The uncertainty and constant news about the outbreak take a toll on people’s mental health. Worrying about the unknown may make you restless, stressed, or you may experience difficulty in sleeping. But these reactions are normal in abnormal situations. The vulnerable populations, such as the elderly, pregnant women, homeless people and migrants, may experience higher level of distress. Prolonged exposure to stress is well-known to affect our physical and mental well-being and overall quality of life. The physical symptoms such as recurring headaches or sleepless nights could be linked to your mental wellbeing.
During the pandemic that is sweeping across the world, it is essential that mental health care is made available to vulnerable groups, including frontline healthcare workers, so that their experiences do not define their lives.
Normal reactions in abnormal situations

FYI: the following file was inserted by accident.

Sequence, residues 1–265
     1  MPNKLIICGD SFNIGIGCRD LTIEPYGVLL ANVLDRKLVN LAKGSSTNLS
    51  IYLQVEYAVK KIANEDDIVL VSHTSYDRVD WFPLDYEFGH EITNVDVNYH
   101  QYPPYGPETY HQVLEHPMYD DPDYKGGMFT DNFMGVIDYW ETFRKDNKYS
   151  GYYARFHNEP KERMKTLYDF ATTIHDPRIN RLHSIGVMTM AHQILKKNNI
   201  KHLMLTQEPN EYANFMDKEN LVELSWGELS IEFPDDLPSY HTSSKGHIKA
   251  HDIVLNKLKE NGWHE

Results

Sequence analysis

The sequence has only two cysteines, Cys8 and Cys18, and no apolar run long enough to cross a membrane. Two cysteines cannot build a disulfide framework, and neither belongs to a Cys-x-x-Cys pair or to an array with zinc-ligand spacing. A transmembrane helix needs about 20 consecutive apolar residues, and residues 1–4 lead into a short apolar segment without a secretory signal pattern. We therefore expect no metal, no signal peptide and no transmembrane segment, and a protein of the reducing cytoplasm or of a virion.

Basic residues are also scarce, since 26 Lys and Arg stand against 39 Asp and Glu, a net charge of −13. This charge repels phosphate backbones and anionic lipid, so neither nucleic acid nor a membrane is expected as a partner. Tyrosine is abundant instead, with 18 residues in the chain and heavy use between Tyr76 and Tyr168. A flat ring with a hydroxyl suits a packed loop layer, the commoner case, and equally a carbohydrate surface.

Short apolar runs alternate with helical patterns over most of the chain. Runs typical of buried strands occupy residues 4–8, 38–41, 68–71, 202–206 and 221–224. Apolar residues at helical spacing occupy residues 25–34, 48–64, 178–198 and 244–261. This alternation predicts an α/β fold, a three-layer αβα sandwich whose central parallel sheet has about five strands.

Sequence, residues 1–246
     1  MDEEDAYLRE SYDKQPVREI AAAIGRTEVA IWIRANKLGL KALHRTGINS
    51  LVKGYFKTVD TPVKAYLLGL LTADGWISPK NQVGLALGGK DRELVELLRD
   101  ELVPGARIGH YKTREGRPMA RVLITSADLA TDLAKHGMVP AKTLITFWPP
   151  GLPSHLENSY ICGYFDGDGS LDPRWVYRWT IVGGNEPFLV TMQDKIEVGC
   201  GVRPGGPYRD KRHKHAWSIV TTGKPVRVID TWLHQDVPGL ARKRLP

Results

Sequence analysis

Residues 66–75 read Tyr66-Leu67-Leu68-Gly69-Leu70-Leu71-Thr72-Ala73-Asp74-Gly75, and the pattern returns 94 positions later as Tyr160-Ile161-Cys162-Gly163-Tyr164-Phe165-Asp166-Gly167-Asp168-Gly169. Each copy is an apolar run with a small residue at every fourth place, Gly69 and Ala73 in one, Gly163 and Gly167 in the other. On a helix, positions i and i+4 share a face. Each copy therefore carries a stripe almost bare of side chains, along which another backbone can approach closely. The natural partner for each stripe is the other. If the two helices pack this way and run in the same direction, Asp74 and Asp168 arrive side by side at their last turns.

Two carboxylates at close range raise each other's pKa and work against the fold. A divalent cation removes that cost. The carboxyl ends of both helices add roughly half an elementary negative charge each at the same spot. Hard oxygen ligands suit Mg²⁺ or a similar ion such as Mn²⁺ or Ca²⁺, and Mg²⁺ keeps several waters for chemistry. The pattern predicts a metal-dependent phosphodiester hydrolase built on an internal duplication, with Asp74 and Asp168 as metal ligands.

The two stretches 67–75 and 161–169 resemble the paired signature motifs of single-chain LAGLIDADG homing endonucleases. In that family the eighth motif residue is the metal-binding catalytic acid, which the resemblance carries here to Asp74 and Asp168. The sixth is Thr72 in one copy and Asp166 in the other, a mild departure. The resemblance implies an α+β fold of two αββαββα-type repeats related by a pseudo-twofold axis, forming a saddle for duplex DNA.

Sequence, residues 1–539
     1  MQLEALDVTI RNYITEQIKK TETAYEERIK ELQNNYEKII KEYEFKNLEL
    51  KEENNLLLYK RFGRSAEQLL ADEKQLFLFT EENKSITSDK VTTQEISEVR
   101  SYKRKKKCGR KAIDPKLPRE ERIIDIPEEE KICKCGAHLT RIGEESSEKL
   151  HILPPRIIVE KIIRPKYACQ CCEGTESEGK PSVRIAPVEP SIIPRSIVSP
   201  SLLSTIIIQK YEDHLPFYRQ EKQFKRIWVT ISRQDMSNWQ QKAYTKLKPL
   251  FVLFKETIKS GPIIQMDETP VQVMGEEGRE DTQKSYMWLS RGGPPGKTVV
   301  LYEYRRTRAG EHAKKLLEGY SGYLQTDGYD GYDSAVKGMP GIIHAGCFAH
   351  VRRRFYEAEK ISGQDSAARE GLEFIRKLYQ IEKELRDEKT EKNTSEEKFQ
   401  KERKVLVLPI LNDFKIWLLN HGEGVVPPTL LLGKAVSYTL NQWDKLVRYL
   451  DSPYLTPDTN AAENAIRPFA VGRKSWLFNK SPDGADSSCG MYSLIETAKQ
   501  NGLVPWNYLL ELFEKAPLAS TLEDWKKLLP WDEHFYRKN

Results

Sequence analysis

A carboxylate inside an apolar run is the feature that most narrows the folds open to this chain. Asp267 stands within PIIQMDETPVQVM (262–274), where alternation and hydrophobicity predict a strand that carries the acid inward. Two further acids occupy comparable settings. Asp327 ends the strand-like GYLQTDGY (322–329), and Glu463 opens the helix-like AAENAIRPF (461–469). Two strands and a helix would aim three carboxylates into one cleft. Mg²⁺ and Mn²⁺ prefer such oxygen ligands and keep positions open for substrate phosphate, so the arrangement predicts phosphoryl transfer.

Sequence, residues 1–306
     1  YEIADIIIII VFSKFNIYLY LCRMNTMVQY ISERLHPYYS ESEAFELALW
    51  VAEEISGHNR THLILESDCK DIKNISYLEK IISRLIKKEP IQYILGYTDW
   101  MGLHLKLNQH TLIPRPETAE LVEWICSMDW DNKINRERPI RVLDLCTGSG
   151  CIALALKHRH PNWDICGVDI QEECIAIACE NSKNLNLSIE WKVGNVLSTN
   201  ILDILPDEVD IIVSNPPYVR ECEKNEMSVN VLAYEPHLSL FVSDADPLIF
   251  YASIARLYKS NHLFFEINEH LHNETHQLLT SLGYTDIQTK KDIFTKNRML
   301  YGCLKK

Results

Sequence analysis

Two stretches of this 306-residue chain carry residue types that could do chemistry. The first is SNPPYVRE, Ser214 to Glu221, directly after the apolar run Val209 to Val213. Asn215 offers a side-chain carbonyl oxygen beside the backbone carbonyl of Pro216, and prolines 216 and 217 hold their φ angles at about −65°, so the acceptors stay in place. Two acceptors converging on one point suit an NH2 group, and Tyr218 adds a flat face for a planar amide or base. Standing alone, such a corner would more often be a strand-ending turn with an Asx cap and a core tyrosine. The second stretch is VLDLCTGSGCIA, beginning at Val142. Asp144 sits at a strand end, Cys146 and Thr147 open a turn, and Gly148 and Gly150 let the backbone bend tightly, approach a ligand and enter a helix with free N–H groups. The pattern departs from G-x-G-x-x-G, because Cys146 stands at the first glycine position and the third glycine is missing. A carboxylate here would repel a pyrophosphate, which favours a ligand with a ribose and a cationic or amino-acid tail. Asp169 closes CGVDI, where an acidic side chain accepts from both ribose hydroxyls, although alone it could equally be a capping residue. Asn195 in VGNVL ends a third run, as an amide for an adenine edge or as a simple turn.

Being momentarily stressed is not a disease. And being afraid in these times is also normal and even healthy, because it helps us to be more careful. They are normal reactions in an abnormal situation. When these feelings of stress and fear, however, are transforming into a long lasting condition, then they can become unhealthy and have an influence on our quality of life.
Most of the emotional reactions could be managed with simple self-help mechanisms. These mechanisms could be as simple as taking a deep breath or doing something that makes you happy, they create a space for us to be detached from the things that worried us.
Watch the video of MSF Psychologist Raimund Alber as he recommends “3 takes” to help you manage your stress.
Take a breath
Take a break from the things that worry you
Take care of your body
If you need professional support, please call Caritas Crisis Hotline 18288 (24 hours). It’s free and confidential.
Remember, you are not alone!